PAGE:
Q. Why do Catholics pray for the dead
A. If Catholics pray for those still on earth, why not continue to pray for them after they die? Some Christians would reply that immediately after death, you go directly to heaven or to hell. If you’re in heaven, you have no need of prayers. If you’re in hell, prayers will do you no good. In short, they don’t pray for the dead because they don’t believe, as Catholics do, in purgatory.
What exactly is purgatory? The Catechism says, “All who die in God’s grace and friendship, but still imperfectly purified, are indeed assured of their eternal salvation; but after death they undergo purification, so as to achieve the holiness necessary to enter the joy of heaven. The Church gives the name Purgatory to this final purification” (1030–1031).
Sacred Scripture and Tradition affirm that God’s ultimate intention is for us to become perfect, as He is perfect, to become like Him so that we can know, love, and enjoy Him fully in heaven forever (see Matthew 5:48, Hebrews 12:14; 1 John 3:2–3). In fact, heaven simply wouldn’t be heaven unless those who lived there had been perfected. If we were to bring along with us all the sins and weaknesses we have in this life, we would be just as miserable in heaven as we are on earth — for all eternity!
Yes, Christ died to forgive us our sins and save us. But even those who have escaped, through His infinite merits, the penalty of hell — an eternity without God — find that sin has countless other consequences. It disorders our souls, injures others, and leaves us overly attached to things we love more than we love God.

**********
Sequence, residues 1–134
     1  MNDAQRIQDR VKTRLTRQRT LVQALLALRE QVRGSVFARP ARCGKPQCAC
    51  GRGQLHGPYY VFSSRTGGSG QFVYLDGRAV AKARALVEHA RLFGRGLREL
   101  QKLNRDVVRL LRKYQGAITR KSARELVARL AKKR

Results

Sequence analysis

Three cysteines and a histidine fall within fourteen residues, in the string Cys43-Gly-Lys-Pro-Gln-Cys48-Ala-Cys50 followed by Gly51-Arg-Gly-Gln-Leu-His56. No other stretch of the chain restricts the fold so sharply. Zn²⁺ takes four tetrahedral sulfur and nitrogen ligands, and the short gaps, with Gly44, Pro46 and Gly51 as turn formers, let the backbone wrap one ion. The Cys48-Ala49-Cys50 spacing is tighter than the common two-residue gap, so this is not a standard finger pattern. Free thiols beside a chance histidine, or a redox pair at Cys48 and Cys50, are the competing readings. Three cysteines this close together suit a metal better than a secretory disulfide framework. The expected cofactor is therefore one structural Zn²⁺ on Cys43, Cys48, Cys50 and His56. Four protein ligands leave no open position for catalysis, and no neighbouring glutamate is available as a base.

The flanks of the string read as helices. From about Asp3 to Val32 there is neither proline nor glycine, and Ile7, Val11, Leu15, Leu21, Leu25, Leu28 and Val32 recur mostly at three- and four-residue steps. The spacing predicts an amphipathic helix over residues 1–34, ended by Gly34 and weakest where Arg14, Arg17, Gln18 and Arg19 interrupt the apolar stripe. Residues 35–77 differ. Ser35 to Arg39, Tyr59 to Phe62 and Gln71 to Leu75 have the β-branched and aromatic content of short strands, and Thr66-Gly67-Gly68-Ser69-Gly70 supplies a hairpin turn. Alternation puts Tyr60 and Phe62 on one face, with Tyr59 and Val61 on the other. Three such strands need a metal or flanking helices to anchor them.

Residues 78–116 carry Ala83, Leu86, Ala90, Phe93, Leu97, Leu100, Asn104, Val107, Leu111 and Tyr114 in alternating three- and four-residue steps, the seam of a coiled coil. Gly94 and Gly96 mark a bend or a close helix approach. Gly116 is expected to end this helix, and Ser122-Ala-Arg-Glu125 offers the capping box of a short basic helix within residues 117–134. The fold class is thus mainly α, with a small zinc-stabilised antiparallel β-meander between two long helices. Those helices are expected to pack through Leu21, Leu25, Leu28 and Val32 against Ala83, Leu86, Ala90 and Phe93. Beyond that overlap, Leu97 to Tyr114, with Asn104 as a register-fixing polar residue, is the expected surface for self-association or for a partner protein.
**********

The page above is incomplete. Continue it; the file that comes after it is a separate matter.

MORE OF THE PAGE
If we’re to live with God forever, then, we must be healed and make amends. If we’re selfish, we must learn to love. If we’re deceitful, we must become truthful. If we’re addicted, we must break the addictions. If we’re bitter, we must forgive.
Whether in this life or the next, however, God doesn’t wave a magic wand, bypassing our free will, to fix us. Instead, we must cooperate with His grace to undo what we have done: paying our debts, letting go of whatever binds us, straightening out whatever is crooked within us.
This process has already begun in our lives on earth. Through doing penance and accepting in faith the inescapable sufferings of this life, we can be purged of sin’s effects and grow in holiness. Nevertheless, few seem to be perfect when they leave this world. They still need some purification, a painful but purging “fire,” as Scripture calls it (see 1 Corinthians 3:14–15).
That’s precisely why we pray and offer Masses for those in purgatory. As Scripture tells us, our intercession helps them: “For it is . . . a holy and wholesome thought to pray for the dead, that they may be loosed from sins” (2 Maccabees 12:46, Douay).PT